${\begin{aligned}\rho ({\vec {p}})=V{\frac {N!h^{3N}\left({\frac {3}{2}}N\right)!}{V^{N}(2\pi mE)^{3N/2}}}\cdot {\frac {V^{N-1}\left[2\pi m\left(E-{\frac {{\vec {p}}_{\text{ }}{}^{2}}{2m}}\right)\right]^{3(N-1)/2}}{(N-1)!h^{3(N-1)}\left[{\frac {3}{2}}(N-1)\right]!}}=\\=h^{3}N{\frac {\left({\frac {3}{2}}N\right)!}{\left[{\frac {3}{2}}(N-1)\right]!}}\left[2\pi m\left(E-{\frac {{\vec {p}}_{\text{ }}{}^{2}}{2m}}\right)\right]^{-3/2}\left(1-{\frac {{\vec {p}}_{\text{ }}{}^{2}}{2mE}}\right)^{3N/2}\end{aligned}}$

Now, since

$N$ is large we can use

Stirling's approximation to see how:

$A:={\frac {\left({\frac {3}{2}}N\right)!}{\left[{\frac {3}{2}}(N-1)\right]!}}$

behaves for large

$N$. We have:

$\ln A\sim {\frac {3}{2}}N\ln \left({\frac {3}{2}}N\right)-{\frac {3}{2}}N-{\frac {3}{2}}(N-1)\ln \left[{\frac {3}{2}}(N-1)\right]+{\frac {3}{2}}(N-1)$

and with some reshuffling we get to:

$\ln A\sim {\frac {3}{2}}N\ln \left({\frac {N}{N-1}}\right)+{\frac {3}{2}}\ln {\frac {3}{2}}+{\frac {3}{2}}\ln(N-1)$

If

$N\to \infty$, the first term vanishes because the argument of the logarithm tends to 1; in the end, for large

$N$ we have:

$\ln A\sim {\frac {3}{2}}\ln {\frac {3}{2}}+{\frac {3}{2}}\ln(N-1)\sim {\frac {3}{2}}\ln {\frac {3}{2}}+{\frac {3}{2}}\ln N$

and exponentiating:

$A\sim \left({\frac {3}{2}}\right)^{3/2}N^{3/2}$

Therefore if we also consider that

${\vec {p}}_{\text{ }}{}^{2}/2m\ll E$, then:

$\rho ({\vec {p}})=h^{3}N^{5/2}\left({\frac {2}{3}}\cdot 2\pi mE\right)^{-3/2}\left(1-{\frac {{\vec {p}}_{\text{ }}{}^{2}}{2mE}}\right)^{3N/2}$

Now, the last term becomes an exponential in the thermodynamic limit; in fact, defining

$\varepsilon =E/N$ we have:

$\left(1-{\frac {{\vec {p}}_{\text{ }}{}^{2}}{2mE}}\right)^{3N/2}=\left(1-{\frac {{\vec {p}}_{\text{ }}{}^{2}}{2m\varepsilon N}}\right)^{3N/2}{\stackrel {M:=3N/2}{=}}\left(1-{\frac {3{\vec {p}}_{\text{ }}{}^{2}}{4m\varepsilon }}\cdot {\frac {1}{M}}\right)^{M}{\stackrel {M\to \infty }{\longrightarrow }}e^{-{\frac {3{\vec {p}}_{\text{ }}{}^{2}}{4m\varepsilon }}}$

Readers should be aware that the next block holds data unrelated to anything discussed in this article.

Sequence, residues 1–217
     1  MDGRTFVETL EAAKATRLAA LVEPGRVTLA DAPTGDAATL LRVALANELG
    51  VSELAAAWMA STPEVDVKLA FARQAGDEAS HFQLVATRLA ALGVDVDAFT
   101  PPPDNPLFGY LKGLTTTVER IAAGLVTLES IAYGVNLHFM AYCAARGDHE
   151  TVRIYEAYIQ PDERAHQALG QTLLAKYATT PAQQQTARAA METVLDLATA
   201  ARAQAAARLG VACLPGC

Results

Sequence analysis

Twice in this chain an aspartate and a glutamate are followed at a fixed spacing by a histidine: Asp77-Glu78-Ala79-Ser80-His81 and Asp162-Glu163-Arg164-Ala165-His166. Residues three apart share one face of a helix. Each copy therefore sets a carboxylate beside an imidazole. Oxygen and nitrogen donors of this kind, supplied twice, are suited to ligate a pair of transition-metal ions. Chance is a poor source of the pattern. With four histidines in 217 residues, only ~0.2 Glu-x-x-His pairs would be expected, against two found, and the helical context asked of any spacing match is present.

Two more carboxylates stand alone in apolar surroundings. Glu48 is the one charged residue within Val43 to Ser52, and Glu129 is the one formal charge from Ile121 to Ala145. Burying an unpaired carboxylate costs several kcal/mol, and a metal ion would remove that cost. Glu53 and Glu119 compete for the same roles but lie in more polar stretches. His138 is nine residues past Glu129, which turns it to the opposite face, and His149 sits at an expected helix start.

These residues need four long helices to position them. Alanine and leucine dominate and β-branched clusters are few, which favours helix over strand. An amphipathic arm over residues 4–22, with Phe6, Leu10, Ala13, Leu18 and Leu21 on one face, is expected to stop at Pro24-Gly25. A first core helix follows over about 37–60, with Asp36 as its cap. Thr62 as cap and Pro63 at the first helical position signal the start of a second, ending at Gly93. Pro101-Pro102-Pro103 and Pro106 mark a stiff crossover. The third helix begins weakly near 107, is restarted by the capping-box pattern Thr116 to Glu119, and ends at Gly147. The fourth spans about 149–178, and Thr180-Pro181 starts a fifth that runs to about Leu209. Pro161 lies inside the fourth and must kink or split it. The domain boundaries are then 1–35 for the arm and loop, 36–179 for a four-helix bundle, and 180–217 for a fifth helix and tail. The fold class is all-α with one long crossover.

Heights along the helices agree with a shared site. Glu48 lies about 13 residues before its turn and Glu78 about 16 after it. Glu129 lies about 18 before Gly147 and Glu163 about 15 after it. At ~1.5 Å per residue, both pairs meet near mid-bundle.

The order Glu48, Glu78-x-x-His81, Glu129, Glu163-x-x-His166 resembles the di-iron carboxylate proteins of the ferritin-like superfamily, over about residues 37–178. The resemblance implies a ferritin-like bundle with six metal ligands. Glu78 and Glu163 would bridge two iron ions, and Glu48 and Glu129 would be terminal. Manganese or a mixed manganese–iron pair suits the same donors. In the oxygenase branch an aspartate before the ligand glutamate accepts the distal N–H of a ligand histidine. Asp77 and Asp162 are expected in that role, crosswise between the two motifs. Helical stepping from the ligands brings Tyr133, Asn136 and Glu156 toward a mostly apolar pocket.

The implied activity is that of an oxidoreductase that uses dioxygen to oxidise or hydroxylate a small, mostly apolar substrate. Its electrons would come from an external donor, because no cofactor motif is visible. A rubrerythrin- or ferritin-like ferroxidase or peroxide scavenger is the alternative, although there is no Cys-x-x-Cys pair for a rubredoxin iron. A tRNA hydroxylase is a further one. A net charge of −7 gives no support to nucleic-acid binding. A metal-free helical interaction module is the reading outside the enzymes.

Therefore:

$\rho ({\vec {p}})=h^{3}N^{5/2}\left({\frac {2}{3}}\cdot 2\pi mE\right)^{-3/2}e^{-{\frac {3N}{4mE}}{\vec {p}}_{\text{ }}{}^{2}}$

Since for the ideal gas

$E=3Nk_{B}T/2$, we have:

$\rho ({\vec {p}})=h^{3}N(2\pi mk_{B}T)^{-3/2}e^{-{\frac {3N}{4mE}}{\vec {p}}_{\text{ }}{}^{2}}=(2\pi mk_{B}T)^{-3/2}e^{-{\frac {3N}{4mE}}{\vec {p}}_{\text{ }}{}^{2}+\ln N+3\ln h}$

Now,

$\ln N\ll N$ for large

$N$ and

$h$ is a constant so we can neglect these last two contributions in the exponential; therefore:

$\rho ({\vec {p}})=(2\pi mk_{B}T)^{-3/2}e^{-{\frac {{\vec {p}}_{\text{ }}{}^{2}}{2mk_{B}T}}}$

This is the

*Mawxell-Boltzmann distribution* for the momentum. If we want to express it in terms of the velocity

${\vec {v}}$, then from the fact that

^{[1]}$\rho ({\vec {v}})d{\vec {v}}=\rho ({\vec {p}})d{\vec {p}}=m^{3}\rho ({\vec {p}})d{\vec {v}}$ we have:

$\rho ({\vec {v}})=\left({\frac {m}{2\pi k_{B}T}}\right)^{3/2}e^{-{\frac {m{\vec {v}}{}^{2}}{2k_{B}T}}}$

- ↑ In fact, what must remain invariant is the probability to find a particle with a momentum or velocity in a given interval. In other words, if $\rho ({\vec {p}})dp$ is the probability of finding a particle with momentum in $[{\vec {p}},{\vec {p}}+d{\vec {p}}]$, or equivalently in $[m{\vec {v}},m{\vec {v}}+md{\vec {v}}]$, we see that this is equal to the probability of finding a particle with velocity in $[{\vec {v}},{\vec {v}}+d{\vec {v}}]$, which is exactly $\rho ({\vec {v}})d{\vec {v}}$.